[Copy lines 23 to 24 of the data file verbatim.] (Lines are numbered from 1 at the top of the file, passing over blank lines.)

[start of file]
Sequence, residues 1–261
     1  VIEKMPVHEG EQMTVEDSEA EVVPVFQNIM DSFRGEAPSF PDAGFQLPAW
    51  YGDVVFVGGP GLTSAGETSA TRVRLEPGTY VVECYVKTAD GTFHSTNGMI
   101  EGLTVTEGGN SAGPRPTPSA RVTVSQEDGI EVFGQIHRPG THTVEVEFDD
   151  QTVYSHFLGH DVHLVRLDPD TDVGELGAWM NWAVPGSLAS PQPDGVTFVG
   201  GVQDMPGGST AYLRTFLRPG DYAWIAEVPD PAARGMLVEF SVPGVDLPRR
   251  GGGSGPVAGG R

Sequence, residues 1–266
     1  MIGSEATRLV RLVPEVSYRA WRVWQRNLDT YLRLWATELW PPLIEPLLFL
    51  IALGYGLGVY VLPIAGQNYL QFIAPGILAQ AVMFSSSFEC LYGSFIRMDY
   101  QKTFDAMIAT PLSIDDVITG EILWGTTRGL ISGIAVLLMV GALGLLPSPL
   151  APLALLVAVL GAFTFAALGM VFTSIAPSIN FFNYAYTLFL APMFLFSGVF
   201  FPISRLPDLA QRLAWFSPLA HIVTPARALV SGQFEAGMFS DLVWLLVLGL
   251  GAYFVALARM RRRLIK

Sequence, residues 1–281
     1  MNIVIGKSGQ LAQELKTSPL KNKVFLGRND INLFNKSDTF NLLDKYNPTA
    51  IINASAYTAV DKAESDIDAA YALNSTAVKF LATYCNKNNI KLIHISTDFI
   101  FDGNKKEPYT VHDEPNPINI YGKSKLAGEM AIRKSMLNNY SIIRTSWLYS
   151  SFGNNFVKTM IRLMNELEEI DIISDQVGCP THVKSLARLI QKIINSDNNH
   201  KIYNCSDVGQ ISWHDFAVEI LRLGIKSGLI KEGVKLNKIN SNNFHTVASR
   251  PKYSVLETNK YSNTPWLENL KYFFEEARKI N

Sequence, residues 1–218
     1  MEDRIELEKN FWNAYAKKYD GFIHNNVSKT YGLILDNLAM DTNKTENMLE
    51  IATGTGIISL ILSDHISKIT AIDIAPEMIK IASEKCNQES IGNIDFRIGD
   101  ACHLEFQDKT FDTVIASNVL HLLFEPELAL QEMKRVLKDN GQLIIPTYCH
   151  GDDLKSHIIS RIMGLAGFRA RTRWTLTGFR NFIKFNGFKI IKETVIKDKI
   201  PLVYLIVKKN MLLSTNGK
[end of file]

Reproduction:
     1  MEDRIELEKN FWNAYAKKYD GFIHNNVSKT YGLILDNLAM DTNKTENMLE
    51  IATGTGIISL ILSDHISKIT AIDIAPEMIK IASEKCNQES IGNIDFRIGD